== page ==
He said although he harbours no ambitions to become the president in 2019, he does hope to play a pivotal, if not, leading role in the shaping of South Africa's future.
Motsoeneng, who was recently fired from the SABC for holding an unauthorised media briefing in April, was speaking on Sunday at Pastor Paseka Mboro's Incredible Happenings Church in Katlehong, Ekurhuleni.
He was a guest at the church along with Peter Mokoena, who entertained the congregants with his hit song Bophelo Baka.
Motsoeneng did not mince his words as he addressed the congregants regarding his presidential ambitions.
“To those who are concerned about Hlaudi, let me tell you, know that the future looks bright for me.
"When you pray, pray that I rule the country.
“You should pray that I become the president of the country, because in me you are going to see a different South Africa," he said.
Motsoeneng is the second prominent person to visit the controversial Mboro. Former Hawks boss Berning Ntlemeza also went there following the high court in Pretoria’s ruled his appointment be set aside. Just like Ntlemeza, Motsoeneng received a warm welcome from the congregants.
Motsoeneng, who has made statements suggesting that he is backing former AU Commission chairperson Nkosazana Dlamini Zuma as President Jacob Zuma’s successor, said he was not “eyeing” the 2019 elections as he wanted a woman to run the country.
He said, however, that he one day wanted to become part of the change in the country.
Motsoeneng also had a message for his detractors, saying he was among the prominent South Africans who were under attack because he wanted to change the country for the better.
“All the people who are changing South Africa are under attack. I’m one of them.”
Motsoeneng, who introduced the controversial quota systems for radio and TV music, which led to the public broadcaster losing millions of rand in revenue, said he did not see the need for the country to have multiple political parties.
"This, he said, was not helpful to a country that has a high unemployment rate, especially among the youth.
“We should rather have less than five political parties in the country,” he said.
Regarding his sacking for bringing the SABC into disrepute and violating its code of conduct after he attacked the public broadcaster’s interim board and Parliament’s portfolio committee on communications, Motsoeneng said those who thought he was down and out were wrong.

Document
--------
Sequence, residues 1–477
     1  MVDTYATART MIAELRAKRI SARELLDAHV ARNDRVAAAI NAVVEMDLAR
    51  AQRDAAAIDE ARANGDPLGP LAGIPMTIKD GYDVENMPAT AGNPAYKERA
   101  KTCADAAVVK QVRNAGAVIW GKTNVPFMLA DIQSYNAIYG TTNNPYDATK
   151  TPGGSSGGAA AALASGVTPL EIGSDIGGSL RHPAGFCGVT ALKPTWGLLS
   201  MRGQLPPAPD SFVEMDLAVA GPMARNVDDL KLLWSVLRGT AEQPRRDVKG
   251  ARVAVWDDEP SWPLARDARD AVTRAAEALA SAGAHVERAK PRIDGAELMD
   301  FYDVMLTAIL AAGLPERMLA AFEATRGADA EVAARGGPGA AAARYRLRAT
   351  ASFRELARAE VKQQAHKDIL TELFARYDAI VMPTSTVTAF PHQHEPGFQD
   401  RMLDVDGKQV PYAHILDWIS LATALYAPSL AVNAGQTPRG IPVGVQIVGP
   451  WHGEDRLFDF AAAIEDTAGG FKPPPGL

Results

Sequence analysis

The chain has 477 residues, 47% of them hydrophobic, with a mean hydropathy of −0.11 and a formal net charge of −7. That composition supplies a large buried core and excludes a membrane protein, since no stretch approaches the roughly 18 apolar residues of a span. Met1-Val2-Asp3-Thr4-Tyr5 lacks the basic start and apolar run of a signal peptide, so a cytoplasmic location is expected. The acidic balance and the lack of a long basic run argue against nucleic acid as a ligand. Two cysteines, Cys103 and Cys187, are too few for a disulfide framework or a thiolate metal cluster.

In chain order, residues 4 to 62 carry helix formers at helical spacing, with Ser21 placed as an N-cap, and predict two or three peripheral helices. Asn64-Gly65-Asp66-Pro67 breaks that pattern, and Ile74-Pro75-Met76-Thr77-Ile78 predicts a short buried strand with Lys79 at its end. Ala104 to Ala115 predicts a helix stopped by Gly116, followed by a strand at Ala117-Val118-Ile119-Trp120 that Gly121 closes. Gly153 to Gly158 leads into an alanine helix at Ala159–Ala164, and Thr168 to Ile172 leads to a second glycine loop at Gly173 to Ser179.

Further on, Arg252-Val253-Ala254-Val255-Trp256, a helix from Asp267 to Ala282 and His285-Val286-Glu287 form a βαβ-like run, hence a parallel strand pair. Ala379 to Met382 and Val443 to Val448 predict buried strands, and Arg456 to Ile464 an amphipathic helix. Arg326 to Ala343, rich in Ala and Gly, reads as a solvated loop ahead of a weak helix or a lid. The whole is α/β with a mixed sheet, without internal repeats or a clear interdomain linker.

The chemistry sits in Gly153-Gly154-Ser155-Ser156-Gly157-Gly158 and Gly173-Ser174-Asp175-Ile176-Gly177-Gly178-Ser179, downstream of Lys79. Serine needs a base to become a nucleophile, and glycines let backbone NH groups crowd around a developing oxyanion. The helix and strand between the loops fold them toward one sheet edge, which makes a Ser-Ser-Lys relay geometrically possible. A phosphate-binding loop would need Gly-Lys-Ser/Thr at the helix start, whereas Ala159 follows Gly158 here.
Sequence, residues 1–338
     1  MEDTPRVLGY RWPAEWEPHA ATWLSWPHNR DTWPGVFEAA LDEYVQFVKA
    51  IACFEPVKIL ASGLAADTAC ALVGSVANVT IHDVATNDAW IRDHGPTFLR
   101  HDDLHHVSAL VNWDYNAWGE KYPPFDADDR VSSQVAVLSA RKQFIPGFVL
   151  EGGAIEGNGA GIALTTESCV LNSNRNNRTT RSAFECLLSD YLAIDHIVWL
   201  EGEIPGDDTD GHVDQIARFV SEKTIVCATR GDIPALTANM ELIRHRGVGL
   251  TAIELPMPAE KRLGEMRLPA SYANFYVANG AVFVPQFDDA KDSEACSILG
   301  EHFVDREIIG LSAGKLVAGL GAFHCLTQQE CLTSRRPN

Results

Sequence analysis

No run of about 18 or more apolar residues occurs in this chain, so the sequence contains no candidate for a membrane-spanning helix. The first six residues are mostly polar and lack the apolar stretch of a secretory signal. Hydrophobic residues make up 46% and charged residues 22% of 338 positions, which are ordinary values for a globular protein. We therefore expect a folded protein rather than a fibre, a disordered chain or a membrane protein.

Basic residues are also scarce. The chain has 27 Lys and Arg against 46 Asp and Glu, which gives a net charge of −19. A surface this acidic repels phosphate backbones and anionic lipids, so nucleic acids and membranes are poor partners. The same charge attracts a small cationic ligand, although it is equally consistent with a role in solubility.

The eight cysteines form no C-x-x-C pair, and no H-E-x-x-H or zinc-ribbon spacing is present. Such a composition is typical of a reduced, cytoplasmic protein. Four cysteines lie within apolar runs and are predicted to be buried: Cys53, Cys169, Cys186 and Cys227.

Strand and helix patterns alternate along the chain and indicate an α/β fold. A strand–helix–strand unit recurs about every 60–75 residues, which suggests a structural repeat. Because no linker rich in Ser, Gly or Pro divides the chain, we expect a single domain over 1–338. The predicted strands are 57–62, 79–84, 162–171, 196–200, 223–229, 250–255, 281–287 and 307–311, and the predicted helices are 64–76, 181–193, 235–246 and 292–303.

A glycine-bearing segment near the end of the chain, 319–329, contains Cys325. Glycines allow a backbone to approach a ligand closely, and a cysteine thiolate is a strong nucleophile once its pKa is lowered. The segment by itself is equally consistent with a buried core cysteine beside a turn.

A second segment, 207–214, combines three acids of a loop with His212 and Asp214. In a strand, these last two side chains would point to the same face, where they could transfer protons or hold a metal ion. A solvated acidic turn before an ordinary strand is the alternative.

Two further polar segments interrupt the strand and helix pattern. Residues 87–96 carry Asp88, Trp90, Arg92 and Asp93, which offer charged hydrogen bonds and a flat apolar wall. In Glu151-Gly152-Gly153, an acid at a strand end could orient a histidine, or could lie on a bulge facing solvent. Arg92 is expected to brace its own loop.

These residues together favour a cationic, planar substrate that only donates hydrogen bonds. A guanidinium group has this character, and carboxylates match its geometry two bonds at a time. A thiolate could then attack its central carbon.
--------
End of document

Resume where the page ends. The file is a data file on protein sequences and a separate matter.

“People are saying it’s the end of Hlaudi. Actually, it’s the beginning of a better journey for Hlaudi.
"The future is bright for Hlaudi. This is a test and I am enjoying it,” he said.
“I grew up in the street. I was starving, but I knew I’m different because God is with me.
“We are busy talking about unemployment in the country when we are busy employing so many politicians who are not helping the country in any way,” he said.
Motsoeneng said Mboro represented the country better than politicians in parliament. Mboro said if Motsoeneng does not become the president, he can be a minister or a political figure and would still have a voice.
Motsoeneng said Mboro represented the country better than the politicians in Parliament.
Mboro stated that if Motsoeneng did not become president, he could be a minister or a political figure, but regardless, he would still have a voice.
Mboro said he had prayed for many political figures in the past who were doing well in their career paths and he knew the same would happen to Motsoeneng.
“I have prayed for rain when the country was experiencing water-shedding, and the following day the rain poured.
"I also prayed for the tropical cyclone Dineo, and the storm stopped and did little damage."
Mboro also told Motsoeneng that he must not forget him as soon as everything started going his way, because after his prayer, Motsoeneng would start to see the change.